It is not surprising that it is Labour politicians are so vehement this morning. Labour has been heavily damaged by running a shoulder-to-shoulder campaign with the Tories.
The biggest Yes votes were in the strongest Labour industrial (or de-industrialised) heartlands of Glasgow, North Lanarkshire, West Dumbarton and Dundee.
The Scottish Labour Party has suffered a serious fragmentation and is likely to be in trouble particularly when it comes to the next Holyrood election in 2016 when the SNP will be seeking another majority and to replace Labour as the main left of centre social democratic party in Scotland. Those tens of thousands of Labour voters who supported the Yes campaign and were attacked by Labour for doing so may well then stick with the SNP. Particularly since a big vote for the SNP in that election would be the best way to reignite the issue of independence.
Nor should it be assumed that the Westminster elite will now deliver the extra powers to Holyrood just because they have signed a pledge on fake parchment that they will do so. This is already being cast into doubt by Tory back benchers who intend to oppose it and coalition ministers who don’t want it.
Cameron knows that to do so will strengthen the call for independence in Wales. Leanne Wood, as the leader of Plaid Cymru, has played a good role in supporting the Yes campaign in Scotland, is already making it clear that she is not prepared to see Wales left behind as Scotland discusses more powers.
It also raises the issue of the huge democratic deficit in Britain as a whole as one of the most centralised countries in Europe. It raises issues from the alienation of the Northern Cities and the Northern regions from Westminster and the South East and it raises once again the issue of First-Past-the-Post electoral system which means that most votes don’t count when it comes to an election.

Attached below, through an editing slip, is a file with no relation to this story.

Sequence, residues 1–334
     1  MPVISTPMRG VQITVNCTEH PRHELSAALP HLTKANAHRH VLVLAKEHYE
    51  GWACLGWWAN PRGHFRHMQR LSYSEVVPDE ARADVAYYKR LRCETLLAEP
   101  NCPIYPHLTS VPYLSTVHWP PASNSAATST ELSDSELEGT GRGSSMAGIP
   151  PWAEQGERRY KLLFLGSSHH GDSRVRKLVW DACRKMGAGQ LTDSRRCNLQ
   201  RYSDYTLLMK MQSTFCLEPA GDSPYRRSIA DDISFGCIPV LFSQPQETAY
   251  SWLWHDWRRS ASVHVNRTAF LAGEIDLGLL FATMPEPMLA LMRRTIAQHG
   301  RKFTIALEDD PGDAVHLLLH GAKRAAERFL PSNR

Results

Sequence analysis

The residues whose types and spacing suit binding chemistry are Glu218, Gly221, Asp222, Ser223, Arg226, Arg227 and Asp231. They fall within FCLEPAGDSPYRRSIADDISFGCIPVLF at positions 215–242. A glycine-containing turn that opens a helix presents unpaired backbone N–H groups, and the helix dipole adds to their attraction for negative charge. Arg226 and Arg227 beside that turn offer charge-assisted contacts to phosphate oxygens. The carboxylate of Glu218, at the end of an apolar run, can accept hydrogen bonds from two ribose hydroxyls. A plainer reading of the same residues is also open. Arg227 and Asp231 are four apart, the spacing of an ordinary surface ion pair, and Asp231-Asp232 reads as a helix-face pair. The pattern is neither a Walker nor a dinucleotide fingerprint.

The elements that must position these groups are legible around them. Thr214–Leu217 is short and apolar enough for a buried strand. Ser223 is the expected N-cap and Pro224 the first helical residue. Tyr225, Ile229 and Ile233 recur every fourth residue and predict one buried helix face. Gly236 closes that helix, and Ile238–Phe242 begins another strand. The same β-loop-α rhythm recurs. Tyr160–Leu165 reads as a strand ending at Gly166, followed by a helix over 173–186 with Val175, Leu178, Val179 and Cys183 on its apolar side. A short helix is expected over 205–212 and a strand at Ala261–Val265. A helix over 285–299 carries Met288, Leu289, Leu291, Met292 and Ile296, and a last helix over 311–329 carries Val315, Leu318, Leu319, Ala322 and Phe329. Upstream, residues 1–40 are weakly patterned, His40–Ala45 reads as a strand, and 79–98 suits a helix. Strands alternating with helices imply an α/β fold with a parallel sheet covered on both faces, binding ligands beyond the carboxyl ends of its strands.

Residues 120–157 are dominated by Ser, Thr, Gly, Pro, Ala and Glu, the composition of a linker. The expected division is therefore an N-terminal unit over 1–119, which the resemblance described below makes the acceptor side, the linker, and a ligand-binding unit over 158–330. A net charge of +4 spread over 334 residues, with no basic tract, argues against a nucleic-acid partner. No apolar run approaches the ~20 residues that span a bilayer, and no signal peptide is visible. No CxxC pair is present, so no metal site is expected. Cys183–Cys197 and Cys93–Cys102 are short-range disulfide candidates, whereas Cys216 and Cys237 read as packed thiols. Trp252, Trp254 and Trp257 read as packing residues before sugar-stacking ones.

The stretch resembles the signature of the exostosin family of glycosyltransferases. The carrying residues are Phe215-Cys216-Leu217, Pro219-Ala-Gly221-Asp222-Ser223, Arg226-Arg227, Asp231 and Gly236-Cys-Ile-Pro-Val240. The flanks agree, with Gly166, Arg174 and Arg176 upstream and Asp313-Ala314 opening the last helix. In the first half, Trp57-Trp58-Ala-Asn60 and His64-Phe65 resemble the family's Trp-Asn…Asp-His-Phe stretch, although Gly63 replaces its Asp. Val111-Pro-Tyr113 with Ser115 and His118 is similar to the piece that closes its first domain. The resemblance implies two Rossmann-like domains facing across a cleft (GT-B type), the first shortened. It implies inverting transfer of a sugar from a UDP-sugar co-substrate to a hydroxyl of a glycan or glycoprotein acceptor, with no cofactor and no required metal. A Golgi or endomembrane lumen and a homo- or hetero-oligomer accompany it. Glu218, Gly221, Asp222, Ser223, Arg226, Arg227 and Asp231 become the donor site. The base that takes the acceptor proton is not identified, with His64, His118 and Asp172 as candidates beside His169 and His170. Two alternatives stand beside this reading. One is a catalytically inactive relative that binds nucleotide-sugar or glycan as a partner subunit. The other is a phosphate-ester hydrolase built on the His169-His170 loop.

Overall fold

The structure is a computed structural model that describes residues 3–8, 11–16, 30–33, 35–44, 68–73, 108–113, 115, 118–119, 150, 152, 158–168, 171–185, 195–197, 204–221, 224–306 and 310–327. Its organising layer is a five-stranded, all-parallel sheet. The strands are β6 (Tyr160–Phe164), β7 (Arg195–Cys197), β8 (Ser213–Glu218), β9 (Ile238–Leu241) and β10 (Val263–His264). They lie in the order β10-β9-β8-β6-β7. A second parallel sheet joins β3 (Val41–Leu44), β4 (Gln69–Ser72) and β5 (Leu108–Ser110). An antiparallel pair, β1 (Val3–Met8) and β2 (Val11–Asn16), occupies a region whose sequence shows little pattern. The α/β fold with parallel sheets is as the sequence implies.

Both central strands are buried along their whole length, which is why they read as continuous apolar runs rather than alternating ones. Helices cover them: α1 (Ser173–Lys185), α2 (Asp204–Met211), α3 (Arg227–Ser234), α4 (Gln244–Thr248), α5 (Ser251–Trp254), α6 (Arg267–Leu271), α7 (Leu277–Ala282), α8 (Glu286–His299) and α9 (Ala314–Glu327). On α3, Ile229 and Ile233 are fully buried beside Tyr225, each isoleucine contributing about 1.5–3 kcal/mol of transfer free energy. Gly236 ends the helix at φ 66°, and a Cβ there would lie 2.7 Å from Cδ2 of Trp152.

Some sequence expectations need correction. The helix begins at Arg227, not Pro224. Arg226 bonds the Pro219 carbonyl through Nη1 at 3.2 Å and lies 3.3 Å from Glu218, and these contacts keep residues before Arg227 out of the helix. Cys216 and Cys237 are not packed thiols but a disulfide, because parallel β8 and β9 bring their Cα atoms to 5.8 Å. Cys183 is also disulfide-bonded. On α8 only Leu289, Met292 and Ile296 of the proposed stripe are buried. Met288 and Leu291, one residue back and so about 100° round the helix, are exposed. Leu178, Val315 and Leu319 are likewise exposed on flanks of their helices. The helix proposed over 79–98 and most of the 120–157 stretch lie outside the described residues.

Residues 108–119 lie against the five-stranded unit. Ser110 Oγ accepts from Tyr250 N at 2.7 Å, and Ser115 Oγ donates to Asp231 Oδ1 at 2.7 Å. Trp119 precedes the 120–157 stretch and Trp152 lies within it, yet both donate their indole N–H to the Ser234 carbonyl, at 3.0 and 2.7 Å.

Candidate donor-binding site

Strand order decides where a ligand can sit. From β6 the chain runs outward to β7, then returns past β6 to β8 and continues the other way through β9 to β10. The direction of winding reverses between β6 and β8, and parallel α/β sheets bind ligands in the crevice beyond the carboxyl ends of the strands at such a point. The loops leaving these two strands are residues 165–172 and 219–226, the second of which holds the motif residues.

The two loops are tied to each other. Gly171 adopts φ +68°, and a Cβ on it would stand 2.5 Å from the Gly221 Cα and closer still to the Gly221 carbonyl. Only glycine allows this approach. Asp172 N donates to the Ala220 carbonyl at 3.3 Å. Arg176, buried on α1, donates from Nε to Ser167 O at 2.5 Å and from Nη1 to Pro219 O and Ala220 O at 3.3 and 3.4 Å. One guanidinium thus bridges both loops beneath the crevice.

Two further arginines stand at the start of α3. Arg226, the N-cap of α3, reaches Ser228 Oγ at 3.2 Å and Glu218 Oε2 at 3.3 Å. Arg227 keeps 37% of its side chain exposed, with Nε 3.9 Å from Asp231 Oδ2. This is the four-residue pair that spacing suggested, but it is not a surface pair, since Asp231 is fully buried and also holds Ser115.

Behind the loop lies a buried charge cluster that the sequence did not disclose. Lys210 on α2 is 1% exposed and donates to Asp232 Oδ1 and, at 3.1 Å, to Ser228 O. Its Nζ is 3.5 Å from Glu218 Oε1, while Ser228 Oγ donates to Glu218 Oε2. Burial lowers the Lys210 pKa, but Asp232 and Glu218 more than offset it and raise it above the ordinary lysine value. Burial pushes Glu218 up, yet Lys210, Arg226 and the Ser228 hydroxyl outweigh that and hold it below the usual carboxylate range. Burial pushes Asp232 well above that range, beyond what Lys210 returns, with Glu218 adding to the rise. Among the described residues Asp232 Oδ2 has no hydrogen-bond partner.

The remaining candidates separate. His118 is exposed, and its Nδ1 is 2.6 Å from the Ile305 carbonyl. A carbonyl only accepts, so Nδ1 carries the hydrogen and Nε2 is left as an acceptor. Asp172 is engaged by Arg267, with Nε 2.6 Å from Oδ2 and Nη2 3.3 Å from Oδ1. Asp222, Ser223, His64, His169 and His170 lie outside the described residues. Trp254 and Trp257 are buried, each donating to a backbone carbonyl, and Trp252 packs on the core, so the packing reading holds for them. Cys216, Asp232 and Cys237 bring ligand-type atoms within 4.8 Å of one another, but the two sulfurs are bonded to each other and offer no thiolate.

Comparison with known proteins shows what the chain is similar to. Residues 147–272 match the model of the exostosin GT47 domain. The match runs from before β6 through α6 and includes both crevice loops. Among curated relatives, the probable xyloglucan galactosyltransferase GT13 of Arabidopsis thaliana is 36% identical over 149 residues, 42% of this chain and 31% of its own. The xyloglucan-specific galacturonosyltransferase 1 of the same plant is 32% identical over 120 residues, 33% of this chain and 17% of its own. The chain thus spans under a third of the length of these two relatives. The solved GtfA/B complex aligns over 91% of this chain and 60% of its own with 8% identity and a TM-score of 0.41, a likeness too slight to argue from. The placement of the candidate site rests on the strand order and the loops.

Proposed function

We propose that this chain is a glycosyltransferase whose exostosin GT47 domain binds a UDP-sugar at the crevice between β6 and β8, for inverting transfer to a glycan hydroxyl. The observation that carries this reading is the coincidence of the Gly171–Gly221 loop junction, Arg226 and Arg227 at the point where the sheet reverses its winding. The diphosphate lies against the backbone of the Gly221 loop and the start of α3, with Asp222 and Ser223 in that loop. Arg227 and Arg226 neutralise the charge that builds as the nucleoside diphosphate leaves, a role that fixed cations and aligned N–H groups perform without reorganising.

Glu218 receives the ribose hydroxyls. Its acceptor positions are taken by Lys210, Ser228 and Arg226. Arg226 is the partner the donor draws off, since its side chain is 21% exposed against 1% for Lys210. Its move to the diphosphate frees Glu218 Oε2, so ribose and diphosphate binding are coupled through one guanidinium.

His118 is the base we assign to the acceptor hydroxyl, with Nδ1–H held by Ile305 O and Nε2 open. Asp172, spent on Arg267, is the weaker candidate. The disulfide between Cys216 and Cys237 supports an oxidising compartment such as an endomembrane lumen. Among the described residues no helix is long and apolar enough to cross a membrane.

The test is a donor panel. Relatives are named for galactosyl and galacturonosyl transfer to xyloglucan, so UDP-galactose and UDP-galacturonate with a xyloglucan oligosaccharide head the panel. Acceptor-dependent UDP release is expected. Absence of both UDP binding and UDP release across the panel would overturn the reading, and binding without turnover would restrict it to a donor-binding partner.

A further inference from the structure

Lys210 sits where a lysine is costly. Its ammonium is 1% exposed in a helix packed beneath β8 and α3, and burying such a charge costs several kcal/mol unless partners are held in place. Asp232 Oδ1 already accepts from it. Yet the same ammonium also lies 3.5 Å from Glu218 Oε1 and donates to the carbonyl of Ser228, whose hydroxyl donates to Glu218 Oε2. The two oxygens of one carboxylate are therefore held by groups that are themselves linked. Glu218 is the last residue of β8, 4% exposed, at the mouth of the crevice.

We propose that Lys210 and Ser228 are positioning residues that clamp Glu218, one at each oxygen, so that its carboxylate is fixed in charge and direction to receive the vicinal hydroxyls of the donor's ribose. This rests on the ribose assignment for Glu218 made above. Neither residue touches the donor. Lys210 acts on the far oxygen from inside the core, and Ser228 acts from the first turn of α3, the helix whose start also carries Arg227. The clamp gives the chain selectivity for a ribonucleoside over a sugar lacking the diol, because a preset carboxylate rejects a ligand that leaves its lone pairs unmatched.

It is clear from the first statements Cameron has made on this that he is more interested in looking over his shoulder to UKIP, to English nationalism, and his right-wing back benchers that fulfilling a pledge with Scotland. He is far more interested in simply stopping Scottish MPs voting on English issues, which would be popular with Nigel Farage, than looking to any kind of new constitutional settlement for England.
This poses a problem for Labour because the pledge was made first and foremost, not by Cameron, but by Gordon Brown. Cameron’s main aim now is to turn clock back on this whole development, but it won’t be easy. The Yes campaign comprehensively won the political debate. Many of the 1.6 million who voted for independence may well remain politically engages and will not take kindly to backsliding on promises or new attacks from Westminster.
The radicalisation of the Yes campaign could well translate into a new radicalism in Scottish politics. This could also have its reflection throughout Britain. Demands for more devolution and democratic reform are inevitable. Westminster has not represented Northern English cities and Northern Regions any more than it has represented Scotland.
Despite the defeat things can never go back to where they were. Business as usual is not an option.